Also called Battle of Hsupeng and the Huaihai Campaign, the Battle of Huaihai took place between November, 1948 and January, 1949 close to the end of the Chinese Civil War. The Chinese Communist Party emerged victors in this battle which played a vital role in their victory in the war at large against the Kuomintang or Nationalist Party of China.
The first and only use, to date, of nuclear weapons in warfare took place on August 6 and 9, 1945. On the first day, the Enola Gay, a U.S. superfortress bomber, dropped a 9,700-pound atomic bomb (codename: Little Boy) on Hiroshima. Three days later, a B-29 bomber dropped "Fat Man," a 10,300-pound atomic bomb on Nagasaki. World War II ended six days later when Japan surrendered – August 15, 1945.
Guadalcanal in the British Solomon Islands was the location of the Allied forces’ first military offensive (by land, sea or air) against the forces of the Empire of Japan. Also called the “Guadalcanal Campaign,” the fighting lasted from August 7, 1942 to February 9, 1943, and ended in an Allied victory. It marked the beginning of Allied domination in the Pacific Theatre of WWII.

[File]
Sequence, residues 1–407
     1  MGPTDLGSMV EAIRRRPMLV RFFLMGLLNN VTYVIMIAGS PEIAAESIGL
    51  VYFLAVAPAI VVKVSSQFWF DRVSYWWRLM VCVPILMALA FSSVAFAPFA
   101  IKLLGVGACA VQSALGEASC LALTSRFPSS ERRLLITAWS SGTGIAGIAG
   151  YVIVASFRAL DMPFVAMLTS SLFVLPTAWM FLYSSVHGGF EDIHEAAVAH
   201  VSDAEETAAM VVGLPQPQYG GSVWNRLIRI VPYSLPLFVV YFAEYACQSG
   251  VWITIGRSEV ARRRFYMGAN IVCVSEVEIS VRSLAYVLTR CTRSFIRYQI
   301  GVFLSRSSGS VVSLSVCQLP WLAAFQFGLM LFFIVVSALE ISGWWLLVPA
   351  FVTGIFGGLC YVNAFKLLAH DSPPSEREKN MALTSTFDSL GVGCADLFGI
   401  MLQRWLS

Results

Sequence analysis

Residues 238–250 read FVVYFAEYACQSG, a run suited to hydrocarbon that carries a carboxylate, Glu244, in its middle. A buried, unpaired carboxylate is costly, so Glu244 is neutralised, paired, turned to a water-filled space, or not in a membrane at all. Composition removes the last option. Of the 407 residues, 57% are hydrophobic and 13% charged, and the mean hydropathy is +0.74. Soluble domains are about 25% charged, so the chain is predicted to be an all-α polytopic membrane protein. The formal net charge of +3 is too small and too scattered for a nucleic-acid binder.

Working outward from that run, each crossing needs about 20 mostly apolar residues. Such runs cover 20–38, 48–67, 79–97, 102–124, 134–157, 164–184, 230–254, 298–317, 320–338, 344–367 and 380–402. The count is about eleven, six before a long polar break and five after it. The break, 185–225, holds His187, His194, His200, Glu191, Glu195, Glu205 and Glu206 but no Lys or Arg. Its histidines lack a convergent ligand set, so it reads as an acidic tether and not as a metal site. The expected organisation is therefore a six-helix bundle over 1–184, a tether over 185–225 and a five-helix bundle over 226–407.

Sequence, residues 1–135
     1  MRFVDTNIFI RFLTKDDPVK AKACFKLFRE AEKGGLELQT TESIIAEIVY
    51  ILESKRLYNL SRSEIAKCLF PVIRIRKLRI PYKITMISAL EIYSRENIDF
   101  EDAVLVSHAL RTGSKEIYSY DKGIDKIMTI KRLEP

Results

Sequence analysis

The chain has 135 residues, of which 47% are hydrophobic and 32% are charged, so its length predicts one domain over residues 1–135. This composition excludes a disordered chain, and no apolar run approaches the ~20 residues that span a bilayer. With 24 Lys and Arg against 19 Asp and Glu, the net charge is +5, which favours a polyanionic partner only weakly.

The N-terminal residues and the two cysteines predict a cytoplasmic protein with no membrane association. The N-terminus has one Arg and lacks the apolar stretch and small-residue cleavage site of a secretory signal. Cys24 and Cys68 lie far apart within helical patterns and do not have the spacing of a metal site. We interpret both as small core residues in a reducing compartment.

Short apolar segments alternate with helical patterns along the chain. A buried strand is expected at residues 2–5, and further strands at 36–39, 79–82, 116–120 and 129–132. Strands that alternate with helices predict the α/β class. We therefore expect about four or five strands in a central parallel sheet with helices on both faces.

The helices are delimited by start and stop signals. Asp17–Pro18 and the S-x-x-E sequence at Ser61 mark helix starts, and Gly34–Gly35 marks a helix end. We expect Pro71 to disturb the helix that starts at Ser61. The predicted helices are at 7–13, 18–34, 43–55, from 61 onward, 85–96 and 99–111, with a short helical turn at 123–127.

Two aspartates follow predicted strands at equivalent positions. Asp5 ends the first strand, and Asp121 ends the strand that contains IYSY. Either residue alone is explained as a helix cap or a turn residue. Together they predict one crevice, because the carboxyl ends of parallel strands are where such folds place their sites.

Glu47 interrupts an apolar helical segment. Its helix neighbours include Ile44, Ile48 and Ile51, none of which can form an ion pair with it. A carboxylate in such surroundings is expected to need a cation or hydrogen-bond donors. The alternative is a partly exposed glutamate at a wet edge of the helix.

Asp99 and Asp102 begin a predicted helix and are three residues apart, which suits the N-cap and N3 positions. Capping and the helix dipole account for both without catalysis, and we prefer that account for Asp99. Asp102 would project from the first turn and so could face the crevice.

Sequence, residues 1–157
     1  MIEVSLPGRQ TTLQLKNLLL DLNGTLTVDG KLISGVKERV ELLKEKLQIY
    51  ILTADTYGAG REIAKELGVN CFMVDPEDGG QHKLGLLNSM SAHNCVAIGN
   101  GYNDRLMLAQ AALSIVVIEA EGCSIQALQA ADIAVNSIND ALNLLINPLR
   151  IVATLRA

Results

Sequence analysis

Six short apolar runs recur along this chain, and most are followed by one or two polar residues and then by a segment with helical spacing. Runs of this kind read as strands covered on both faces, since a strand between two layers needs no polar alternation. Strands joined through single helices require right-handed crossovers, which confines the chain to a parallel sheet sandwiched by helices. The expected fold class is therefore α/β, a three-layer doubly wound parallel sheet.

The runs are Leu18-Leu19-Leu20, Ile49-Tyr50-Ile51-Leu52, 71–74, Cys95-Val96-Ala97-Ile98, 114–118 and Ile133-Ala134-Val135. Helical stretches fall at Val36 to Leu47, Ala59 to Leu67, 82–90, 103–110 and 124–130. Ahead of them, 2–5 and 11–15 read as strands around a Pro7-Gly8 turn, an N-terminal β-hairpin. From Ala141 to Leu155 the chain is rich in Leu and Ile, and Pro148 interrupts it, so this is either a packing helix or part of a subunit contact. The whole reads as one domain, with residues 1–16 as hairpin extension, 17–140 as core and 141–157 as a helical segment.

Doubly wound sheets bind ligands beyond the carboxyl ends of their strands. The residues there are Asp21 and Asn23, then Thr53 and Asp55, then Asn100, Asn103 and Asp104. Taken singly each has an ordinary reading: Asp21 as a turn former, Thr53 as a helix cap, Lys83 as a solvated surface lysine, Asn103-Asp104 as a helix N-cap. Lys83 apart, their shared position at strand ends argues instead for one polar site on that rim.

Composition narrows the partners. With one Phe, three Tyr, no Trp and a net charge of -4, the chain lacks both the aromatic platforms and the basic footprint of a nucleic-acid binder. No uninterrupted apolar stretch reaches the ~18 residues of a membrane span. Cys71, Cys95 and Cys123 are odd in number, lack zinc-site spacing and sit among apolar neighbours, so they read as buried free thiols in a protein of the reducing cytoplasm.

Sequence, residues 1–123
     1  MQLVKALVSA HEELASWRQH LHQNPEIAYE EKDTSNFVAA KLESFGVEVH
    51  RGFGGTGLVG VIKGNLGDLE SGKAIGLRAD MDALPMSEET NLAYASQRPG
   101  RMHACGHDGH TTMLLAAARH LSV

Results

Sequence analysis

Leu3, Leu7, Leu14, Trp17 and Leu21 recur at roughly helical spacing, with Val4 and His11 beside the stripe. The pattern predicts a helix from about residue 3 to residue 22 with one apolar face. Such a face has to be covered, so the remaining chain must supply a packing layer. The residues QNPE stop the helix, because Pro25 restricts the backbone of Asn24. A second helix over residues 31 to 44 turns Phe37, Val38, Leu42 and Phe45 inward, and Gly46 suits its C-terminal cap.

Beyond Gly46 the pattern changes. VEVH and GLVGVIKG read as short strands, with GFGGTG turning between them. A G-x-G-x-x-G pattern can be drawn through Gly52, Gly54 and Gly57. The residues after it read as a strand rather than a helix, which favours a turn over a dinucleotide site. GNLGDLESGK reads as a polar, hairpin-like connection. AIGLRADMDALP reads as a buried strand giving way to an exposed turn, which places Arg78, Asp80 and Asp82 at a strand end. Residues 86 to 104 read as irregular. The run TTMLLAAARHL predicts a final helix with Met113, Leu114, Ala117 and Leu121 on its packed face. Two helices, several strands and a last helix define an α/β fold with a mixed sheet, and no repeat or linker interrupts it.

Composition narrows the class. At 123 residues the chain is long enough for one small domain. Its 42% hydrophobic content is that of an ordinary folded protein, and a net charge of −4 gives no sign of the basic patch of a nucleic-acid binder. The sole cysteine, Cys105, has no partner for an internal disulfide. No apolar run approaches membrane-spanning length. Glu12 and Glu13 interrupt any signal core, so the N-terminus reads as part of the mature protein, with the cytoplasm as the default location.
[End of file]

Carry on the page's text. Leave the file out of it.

The Second Sino-Japanese war amassed a total of 30 million deaths, by some estimates. This number is far greater than the approximately 50,000 counted as dead in the First Sino-Japanese War, fought between July, 1894 and April, 1895. The Second Sino-Japanese War is credited by some as being the true beginning of World War II – as opposed to Nazi Germany’s invasion of Poland in September of 1939.
The First Arab-Israeli War is the earliest in a series of wars commonly referred to in plural as the Arab-Israeli Wars. The most significant of the conflicts occurred in 1948 – 49, 1956, 1967, 1973 and 1982. The tensions and conflicts between the two sides continue into the present day.
The Hundred Years’ War actually lasted for 116.5 years – from May 24, 1337 to October 19, 1453. It was fought primarily between the Kingdoms of England and France over who had rights to the French throne. It consisted of a series of minor wars which eventually led to victory for the French and the beginning of the War of the Roses, in which claim to the English throne was now being disputed.
The Spanish conquest of the Aztec Empire is recorded as one of the costliest conflicts in history in terms of the number of persons killed. As part of the early European efforts at colonization of the Americas, it resulted in approximately 24.5 million deaths. The Spaniards were aided in their defeat of the Aztecs by several other indigenous groups.